• Image 9Printing paper money at a printing press in Perm (from Money)
    Printing paper money at a printing press in Perm (from Money)
  • Image 10Tenga of Muhammad Khudayar Khan, struck at the Kokand mint, dated 1862–1863 (from Kokand tenga)
    Tenga of Muhammad Khudayar Khan, struck at the Kokand mint, dated 1862–1863 (from Kokand tenga)
  • Image 11Tibetan kong par tangka, dated 13-45 (= AD 1791),obverse (from Tibetan tangka)
    Tibetan kong par tangka, dated 13-45 (= AD 1791),obverse (from Tibetan tangka)
  • Image 12A sample picture of a fictional ATM card. The largest part of the world's money exists only as accounting numbers which are transferred between financial computers. Various plastic cards and other devices give individual consumers the power to electronically transfer such money to and from their bank accounts, without the use of currency. (from Money)
    A sample picture of a fictional ATM card. The largest part of the world's money exists only as accounting numbers which are transferred between financial computers. Various plastic cards and other devices give individual consumers the power to electronically transfer such money to and from their bank accounts, without the use of currency. (from Money)
  • Image 13Punch-marked coins discovered from Chandraketugarh. (from Punch-marked coins)
    Punch-marked coins discovered from Chandraketugarh. (from Punch-marked coins)
  • Image 14Tibetan silver tangka with Ranjana (Lantsa) script, dated 15-28 (= AD 1894), obverse (from Tibetan tangka)
    Tibetan silver tangka with Ranjana (Lantsa) script, dated 15-28 (= AD 1894), obverse (from Tibetan tangka)
  • Image 15Gold coins are an example of legal tender that are traded for their intrinsic value, rather than their face value. (from Money)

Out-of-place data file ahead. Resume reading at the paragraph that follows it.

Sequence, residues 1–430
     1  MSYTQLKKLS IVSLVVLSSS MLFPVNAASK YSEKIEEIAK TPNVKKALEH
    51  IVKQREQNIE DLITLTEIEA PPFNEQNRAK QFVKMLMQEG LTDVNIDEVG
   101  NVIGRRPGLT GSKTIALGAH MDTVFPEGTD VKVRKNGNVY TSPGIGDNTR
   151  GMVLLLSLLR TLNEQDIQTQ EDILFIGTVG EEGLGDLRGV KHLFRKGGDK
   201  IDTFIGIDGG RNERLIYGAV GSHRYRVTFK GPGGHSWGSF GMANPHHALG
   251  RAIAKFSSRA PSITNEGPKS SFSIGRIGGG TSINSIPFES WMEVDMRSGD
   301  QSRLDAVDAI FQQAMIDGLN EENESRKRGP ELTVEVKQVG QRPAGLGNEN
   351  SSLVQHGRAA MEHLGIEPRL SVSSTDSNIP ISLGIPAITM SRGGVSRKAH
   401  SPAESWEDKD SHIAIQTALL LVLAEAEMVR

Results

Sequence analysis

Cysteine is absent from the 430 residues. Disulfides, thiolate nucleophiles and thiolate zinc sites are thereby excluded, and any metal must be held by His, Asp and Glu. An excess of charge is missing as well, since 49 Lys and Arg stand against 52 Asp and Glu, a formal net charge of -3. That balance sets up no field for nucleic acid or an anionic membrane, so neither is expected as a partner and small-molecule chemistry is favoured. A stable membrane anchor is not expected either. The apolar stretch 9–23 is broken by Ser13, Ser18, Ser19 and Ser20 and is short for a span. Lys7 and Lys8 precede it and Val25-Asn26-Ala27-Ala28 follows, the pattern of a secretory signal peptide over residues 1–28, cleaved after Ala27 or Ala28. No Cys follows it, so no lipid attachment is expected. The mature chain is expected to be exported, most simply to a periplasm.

Gold coins are an example of legal tender that are traded for their intrinsic value, rather than their face value. (from Money)
  • Image 16Tibetan "gaden" Tangka, undated (ca. AD 1840), reverse (from Tibetan tangka)
    Tibetan "gaden" Tangka, undated (ca. AD 1840), reverse (from Tibetan tangka)
  • Image 17Huizi currency, issued in 1160 (from Money)
    Huizi currency, issued in 1160 (from Money)
  • Image 18Tibetan "gaden" Tangka, undated (ca. AD 1840), obverse (from Tibetan tangka)
    Tibetan "gaden" Tangka, undated (ca. AD 1840), obverse (from Tibetan tangka)
  • Image 19Paper money from different countries (from Money)
    Paper money from different countries (from Money)
  • Image 20Sino Tibetan silver tangka, dated 58th year of Qian Long era, reverse. Weight 5.57 g. Diameter: 30 mm (from Tibetan tangka)
    Sino Tibetan silver tangka, dated 58th year of Qian Long era, reverse. Weight 5.57 g. Diameter: 30 mm (from Tibetan tangka)
  • Image 21Money Base, M1 and M2 in the U.S. from 1981 to 2012 (from Money)
    Money Base, M1 and M2 in the U.S. from 1981 to 2012 (from Money)
  • Image 22Song Dynasty Jiaozi, the world's earliest paper money (from Money)
    Song Dynasty Jiaozi, the world's earliest paper money (from Money)